Have you ever had to figure out a dilemma involving money? Take a look at this situation.
The City Orchestra received a total of $1,891.50 in donations. This needs to be divided evenly among six different departments. How much will each department receive?
Use the information in this Concept to help you solve this problem using decimals and estimation.
To estimate products and quotients with decimals, you need to first round the numbers so that they are easier to work with. To round to the nearest whole number, look at the digit in the tenths place. If it is less than 5, round down. If it is 5 or greater, round up.
Remember that an estimate is an answer that is not exact, but is approximate and reasonable.
Take a look at this one.
Estimate the product:
First, we round the first number. Since there is a 2 in the tenths place, 11.256 rounds down to 11.
Now round the second number. Since there is an 8 in the tenths place, 6.81 rounds up to 7.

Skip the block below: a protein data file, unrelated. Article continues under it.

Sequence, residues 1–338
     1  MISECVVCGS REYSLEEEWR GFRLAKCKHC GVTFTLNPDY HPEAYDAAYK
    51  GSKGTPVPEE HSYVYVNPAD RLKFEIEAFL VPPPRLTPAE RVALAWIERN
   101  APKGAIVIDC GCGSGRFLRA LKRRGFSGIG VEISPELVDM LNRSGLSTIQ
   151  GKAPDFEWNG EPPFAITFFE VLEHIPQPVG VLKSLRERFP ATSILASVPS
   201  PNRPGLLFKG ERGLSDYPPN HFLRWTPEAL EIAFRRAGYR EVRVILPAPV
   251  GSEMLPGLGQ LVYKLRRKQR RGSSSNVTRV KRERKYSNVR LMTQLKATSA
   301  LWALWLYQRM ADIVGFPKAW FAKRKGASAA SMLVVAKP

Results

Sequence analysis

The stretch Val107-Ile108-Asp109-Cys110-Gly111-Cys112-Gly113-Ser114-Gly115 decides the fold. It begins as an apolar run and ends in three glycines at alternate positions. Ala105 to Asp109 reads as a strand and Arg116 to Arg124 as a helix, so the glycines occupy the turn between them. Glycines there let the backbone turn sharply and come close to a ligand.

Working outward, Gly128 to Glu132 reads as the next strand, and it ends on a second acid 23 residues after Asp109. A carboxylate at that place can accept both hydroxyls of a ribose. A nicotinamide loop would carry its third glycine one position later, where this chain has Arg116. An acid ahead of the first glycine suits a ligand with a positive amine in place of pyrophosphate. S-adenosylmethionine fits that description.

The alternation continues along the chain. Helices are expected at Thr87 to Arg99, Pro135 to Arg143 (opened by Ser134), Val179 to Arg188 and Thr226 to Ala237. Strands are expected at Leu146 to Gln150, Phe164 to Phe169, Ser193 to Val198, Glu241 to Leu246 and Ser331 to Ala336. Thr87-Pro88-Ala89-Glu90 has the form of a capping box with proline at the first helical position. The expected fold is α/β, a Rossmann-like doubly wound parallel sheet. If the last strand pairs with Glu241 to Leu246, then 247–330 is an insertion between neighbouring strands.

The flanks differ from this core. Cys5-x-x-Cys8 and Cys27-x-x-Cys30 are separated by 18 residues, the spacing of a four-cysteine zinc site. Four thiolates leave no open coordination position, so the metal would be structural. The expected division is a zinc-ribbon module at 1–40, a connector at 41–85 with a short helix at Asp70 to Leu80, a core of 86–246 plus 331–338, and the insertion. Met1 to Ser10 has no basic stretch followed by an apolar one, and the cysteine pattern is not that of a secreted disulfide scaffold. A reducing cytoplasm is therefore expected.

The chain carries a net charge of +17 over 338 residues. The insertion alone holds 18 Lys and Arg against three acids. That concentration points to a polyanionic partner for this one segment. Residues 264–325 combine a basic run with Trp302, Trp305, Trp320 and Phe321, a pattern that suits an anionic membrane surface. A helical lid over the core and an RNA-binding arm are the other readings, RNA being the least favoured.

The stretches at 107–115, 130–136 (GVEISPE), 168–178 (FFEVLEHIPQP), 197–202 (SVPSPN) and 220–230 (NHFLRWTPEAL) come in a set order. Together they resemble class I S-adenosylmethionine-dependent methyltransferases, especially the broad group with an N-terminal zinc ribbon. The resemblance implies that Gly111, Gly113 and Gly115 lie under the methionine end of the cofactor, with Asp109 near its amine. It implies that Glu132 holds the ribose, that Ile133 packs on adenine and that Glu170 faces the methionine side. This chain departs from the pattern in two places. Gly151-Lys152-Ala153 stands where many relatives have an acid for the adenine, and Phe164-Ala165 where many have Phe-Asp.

Now multiply the rounded numbers.
A good estimate for the product is 77.
Here is another one.
Estimate the quotient:
First we round the first number. Since there is a 9 in the tenths place, 91.93 rounds up to 92.
Now round the second number. Since there is a 3 in the tenths place, 4.39 rounds down to 4.
Now divide the rounded numbers.
A good estimate for the quotient is 23.
Did you notice which numbers we multiplied? We multiplied the whole digits or the digits that were leading the entire number. We did the same thing when we divided.
Yes. We work with the digits that are in the “lead”. With those digits, we can find a reasonable estimate.
Estimate by using leading digits
Now let's go back to the dilemma from the beginning of the Concept.
Notice that the key word “each” tells us that we are going to need to divide. The money is being split up and that means division.
Divide to find the amount each department will receive:
Each department will receive $315.25.
- the number being divided in a division problem. It is often the first number in a problem written horizontally.
- the number doing the dividing in a division problem.
- an approximate answer that is reasonable and makes sense for the problem.
- Leading Digits
- the first digits in a decimal-often the whole number part of the decimal.
Here is one for you to try on your own.
Estimate using leading digits.
First, we take only the leading digits and rewrite this problem.
Now our work is quite simple.
Our estimate is
Directions: Estimate each product or quotient by using leading digits.